A recent genome wide analysis revealed that approximately 80% of grade II-III gliomas and secondary glioblasotomas harbor mutations in cytosolic isocitrate dehydrogenase 1 (IDH1). Subsequent studies revealed that the mutant IDH1 gained a new function, conversion of alpha- ketoglutarate to 2-hydroxyglutarate. Thus, alpha-ketoglutarate produced by wild-type IDH1 is consumed by the mutant IDH1, depleting cells of alpha-ketoglutarate. We hypothesized that cells with mutant IDH1 may be more susceptible to blockade of glutaminolysis, which plays a critical role in proliferation of tumor cells by serving as an alternative source of alpha-ketoglutarate. To test this hypothesis, the following aims will be pursued:
Aim 1.) Identify potent soluble GLS inhibitors with improved drug-like molecular properties;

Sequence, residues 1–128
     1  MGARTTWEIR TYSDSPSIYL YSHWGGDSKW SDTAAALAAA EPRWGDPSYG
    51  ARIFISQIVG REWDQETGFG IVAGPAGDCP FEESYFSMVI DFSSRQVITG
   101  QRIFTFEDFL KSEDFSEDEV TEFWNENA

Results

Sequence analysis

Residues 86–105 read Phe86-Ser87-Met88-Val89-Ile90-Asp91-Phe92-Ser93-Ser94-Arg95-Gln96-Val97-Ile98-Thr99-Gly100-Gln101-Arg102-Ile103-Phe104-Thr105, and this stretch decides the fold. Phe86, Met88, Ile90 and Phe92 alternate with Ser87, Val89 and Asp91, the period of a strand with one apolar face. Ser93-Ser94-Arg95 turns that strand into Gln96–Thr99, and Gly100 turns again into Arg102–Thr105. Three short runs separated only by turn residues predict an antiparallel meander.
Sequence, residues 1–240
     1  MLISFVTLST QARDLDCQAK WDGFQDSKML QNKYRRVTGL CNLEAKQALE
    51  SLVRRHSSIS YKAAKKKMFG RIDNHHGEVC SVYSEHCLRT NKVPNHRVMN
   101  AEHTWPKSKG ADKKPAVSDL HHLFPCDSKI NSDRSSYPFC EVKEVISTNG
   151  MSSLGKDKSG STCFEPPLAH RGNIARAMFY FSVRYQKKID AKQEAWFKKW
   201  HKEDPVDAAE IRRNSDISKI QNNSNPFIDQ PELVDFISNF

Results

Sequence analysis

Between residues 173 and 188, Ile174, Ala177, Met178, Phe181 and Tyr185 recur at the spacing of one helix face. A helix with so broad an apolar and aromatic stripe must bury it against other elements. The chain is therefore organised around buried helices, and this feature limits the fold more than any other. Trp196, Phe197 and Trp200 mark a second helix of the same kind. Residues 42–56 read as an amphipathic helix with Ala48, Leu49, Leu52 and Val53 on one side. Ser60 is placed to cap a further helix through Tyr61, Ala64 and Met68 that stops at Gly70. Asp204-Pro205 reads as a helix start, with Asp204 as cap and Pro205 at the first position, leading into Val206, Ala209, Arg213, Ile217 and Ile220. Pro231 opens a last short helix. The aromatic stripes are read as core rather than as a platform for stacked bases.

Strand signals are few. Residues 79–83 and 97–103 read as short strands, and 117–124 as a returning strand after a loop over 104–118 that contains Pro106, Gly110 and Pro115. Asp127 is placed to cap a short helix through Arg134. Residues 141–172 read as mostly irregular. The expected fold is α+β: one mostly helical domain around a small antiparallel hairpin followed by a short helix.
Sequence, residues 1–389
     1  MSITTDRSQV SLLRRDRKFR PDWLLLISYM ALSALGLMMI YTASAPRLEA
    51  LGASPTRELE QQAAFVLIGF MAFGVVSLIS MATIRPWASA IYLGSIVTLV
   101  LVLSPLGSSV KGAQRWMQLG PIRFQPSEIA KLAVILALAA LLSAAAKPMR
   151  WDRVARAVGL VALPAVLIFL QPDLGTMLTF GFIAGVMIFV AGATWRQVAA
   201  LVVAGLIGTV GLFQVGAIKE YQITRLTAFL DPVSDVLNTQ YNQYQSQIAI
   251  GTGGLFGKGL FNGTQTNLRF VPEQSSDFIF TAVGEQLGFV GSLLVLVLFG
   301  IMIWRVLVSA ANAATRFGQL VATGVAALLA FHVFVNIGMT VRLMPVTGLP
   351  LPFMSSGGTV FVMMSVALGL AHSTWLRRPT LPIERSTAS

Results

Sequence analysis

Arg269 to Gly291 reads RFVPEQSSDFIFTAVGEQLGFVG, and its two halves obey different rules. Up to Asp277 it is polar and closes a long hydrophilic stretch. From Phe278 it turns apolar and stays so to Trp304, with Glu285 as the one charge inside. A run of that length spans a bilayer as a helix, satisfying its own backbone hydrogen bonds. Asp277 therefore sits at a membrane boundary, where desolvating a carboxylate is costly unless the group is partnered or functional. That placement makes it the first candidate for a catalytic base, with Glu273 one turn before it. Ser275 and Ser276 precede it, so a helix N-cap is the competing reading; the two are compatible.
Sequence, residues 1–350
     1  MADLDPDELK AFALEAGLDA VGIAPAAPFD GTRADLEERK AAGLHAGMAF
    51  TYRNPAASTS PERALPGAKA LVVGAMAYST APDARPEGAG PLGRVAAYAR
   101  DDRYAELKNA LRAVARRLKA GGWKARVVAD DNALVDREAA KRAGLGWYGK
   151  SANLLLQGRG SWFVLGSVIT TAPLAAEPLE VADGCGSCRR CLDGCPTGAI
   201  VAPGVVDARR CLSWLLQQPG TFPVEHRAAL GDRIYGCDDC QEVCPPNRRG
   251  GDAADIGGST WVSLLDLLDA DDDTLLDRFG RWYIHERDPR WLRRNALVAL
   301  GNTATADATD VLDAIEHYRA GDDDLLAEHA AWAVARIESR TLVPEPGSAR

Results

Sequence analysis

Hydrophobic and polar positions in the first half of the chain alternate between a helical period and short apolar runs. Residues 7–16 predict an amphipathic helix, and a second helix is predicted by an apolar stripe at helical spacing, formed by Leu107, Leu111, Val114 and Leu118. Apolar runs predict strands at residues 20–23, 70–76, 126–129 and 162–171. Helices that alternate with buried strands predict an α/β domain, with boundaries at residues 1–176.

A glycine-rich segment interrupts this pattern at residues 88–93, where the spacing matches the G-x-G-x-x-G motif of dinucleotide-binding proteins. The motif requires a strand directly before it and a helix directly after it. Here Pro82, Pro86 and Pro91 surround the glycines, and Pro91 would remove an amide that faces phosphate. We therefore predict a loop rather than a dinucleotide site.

Aim 2.) Assess antiproliferative effects of GLS inhibitors in D54 glioblastoma cell lines. Upon completion of this project, we expect to identify new GLS inhibitors with more drug-like molecular properties, which can serve as therapeutic prototypes to establish in vivo proof-of-concept in animal models of glioma in future.
The goal of the proposed research is to conduct systematic SAR (structure-activity relationships) studies to identify kidney-type glutaminase (GLS) inhibitors as small molecule probes for evaluating the therapeutic utility of GLS inhibition in glioma with IDH (isocitrate dehydrogenase) mutations. New GLS inhibitors emerging from this project will be tested in comparative cell growth studies using D54 glioblastoma cell lines constitutively overexpressing either wild-type or mutant R132H IDH1. These studies should lead to the discovery of new GLS inhibitors with more drug-like properties, which can serve as therapeutic prototypes in future experiments to establish in vivo proof-of-concept in animal models of glioma.
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